Maternal immunization: opportunities for scientific advancement

Clin Infect Dis. 2014 Dec 15;59 Suppl 7(Suppl 7):S408-14. doi: 10.1093/cid/ciu708.


Maternal immunization is an effective strategy to prevent and/or minimize the severity of infectious diseases in pregnant women and their infants. Based on the success of vaccination programs to prevent maternal and neonatal tetanus, maternal immunization has been well received in the United States and globally as a promising strategy for the prevention of other vaccine-preventable diseases that threaten pregnant women and infants, such as influenza and pertussis. Given the promise for reducing the burden of infectious conditions of perinatal significance through the development of vaccines against relevant pathogens, the Division of Microbiology and Infectious Diseases, National Institute of Allergy and Infectious Diseases, National Institutes of Health (NIH) sponsored a series of meetings to foster progress toward clinical development of vaccines for use in pregnancy. A multidisciplinary group of stakeholders convened at the NIH in December 2013 to identify potential barriers and opportunities for scientific advancement in maternal immunization.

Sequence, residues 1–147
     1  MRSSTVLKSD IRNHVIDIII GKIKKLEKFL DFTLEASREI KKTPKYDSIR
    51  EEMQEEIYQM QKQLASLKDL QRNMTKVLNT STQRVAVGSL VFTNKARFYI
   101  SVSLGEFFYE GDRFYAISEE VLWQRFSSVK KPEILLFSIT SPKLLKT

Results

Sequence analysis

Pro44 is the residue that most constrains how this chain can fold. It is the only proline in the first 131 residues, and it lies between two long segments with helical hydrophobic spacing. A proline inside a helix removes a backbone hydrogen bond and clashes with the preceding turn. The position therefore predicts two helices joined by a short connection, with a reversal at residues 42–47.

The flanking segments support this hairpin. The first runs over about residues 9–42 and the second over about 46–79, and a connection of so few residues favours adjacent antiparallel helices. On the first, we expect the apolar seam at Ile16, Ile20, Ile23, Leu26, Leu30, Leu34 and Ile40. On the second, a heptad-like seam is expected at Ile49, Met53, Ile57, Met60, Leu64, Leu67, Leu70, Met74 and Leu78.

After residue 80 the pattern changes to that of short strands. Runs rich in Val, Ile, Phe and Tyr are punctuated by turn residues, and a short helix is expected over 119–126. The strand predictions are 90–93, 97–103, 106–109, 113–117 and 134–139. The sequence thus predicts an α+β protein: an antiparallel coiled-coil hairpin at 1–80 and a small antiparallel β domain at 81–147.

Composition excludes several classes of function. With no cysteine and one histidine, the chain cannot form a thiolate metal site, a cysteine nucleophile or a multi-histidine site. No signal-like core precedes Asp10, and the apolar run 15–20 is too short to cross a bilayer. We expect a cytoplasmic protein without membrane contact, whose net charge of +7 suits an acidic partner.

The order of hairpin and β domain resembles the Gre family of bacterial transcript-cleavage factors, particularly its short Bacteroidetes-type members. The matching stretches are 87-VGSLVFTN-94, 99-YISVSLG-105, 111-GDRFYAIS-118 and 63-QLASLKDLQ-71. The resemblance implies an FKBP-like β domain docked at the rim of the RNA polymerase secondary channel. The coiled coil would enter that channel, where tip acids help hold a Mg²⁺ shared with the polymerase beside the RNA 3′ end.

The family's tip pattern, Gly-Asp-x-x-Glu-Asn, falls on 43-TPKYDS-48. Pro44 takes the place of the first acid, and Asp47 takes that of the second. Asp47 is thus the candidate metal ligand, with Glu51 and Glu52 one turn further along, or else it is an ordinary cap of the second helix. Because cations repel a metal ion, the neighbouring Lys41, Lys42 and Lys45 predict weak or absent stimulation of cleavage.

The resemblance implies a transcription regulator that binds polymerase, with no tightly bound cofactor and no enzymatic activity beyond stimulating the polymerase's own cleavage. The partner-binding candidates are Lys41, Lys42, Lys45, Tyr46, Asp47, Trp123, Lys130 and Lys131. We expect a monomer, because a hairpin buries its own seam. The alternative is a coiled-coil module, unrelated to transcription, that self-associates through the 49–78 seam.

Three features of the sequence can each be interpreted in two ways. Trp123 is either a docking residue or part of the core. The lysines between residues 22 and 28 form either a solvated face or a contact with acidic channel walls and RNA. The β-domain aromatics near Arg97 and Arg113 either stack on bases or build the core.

Keywords: immunization; maternal; pregnancy; research; vaccines.

MeSH terms

  • Clinical Trials as Topic
  • Communicable Disease Control*
  • Female
  • Humans
  • Immunity, Maternally-Acquired
  • Immunization Programs
  • Immunization*
  • Infant
  • Influenza Vaccines
  • Influenza, Human / prevention & control
  • Pregnancy
  • Pregnancy Complications, Infectious / prevention & control*
  • Tetanus / prevention & control
  • United States
  • Vaccines* / administration & dosage
  • Vaccines* / adverse effects
  • Vaccines* / immunology
  • Whooping Cough / prevention & control


  • Influenza Vaccines
  • Vaccines